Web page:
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Modern Psychological Studies

Periodical Title

Modern Psychological Studies

Volume

18

Number

1

Page Numbers

pages 1-5

Department

Dept. of Psychology

Publisher

University of Tennessee at Chattanooga

Place of Publication

Chattanooga (Tenn.)

Date

2012

Abstract

We examined body shame of college women based on the type of sexual victimization experience. Participants were 278 women from a mid-sized public university. They completed the Body Shame subscale (BSS) of the Objectified Body Consciousness Scale (OBCS; McKinley & Hyde; 1996) and the Sexual Experiences Survey (SES; Koss, Gidycz, & Wisniewski, 1987). As predicted, women who indicated that they were raped and women who indicated noncompleted victimization (did not involve penetration) had higher body shame scores than women who reported no victimization experience. Unexpectedly, women who reported sexual coercion did not differ from women with no victimization and there were no other significant differences between the victimization groups. Results imply that rape may tend to be most traumatic and lead to the greatest increase in body shame. However, this does not appear to be due to the act of penetration itself Perhaps women who have been sexually coerced do not identifi their experiences as such.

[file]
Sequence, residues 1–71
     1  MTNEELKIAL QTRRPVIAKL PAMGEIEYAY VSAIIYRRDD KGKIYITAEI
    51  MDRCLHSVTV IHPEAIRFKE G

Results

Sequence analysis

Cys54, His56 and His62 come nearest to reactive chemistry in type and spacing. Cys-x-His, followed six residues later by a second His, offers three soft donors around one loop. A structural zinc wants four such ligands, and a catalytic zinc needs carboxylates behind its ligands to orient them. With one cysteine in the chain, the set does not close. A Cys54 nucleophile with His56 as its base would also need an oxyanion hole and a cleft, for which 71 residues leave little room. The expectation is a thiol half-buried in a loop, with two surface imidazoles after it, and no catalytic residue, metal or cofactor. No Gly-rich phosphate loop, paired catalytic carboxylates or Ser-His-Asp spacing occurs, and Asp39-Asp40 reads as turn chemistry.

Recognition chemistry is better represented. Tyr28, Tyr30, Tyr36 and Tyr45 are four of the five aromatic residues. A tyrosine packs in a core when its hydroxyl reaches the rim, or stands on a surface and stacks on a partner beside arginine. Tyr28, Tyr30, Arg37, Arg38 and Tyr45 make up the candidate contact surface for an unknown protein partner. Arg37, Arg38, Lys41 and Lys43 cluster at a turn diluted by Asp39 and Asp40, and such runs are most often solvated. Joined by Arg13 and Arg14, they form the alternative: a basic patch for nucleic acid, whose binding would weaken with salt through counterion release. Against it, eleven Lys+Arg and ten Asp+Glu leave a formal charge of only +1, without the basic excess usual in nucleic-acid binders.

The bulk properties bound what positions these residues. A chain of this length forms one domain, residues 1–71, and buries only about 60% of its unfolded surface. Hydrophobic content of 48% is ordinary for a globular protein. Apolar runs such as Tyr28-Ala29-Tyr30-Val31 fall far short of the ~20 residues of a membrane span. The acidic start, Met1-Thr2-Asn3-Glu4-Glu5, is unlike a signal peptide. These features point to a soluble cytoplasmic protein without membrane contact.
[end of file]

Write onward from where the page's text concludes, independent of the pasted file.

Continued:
Subject

Psychology--Periodicals

Keyword

sexual victimization; college; body shame; rape; women; self-esteem

Discipline

Psychology

Document Type

articles

Extent

5 leaves

Language

English

Call Number

BF1 .M63 v. 18 no. 1 2012

Rights

Under copyright.

Included in

Psychology Commons

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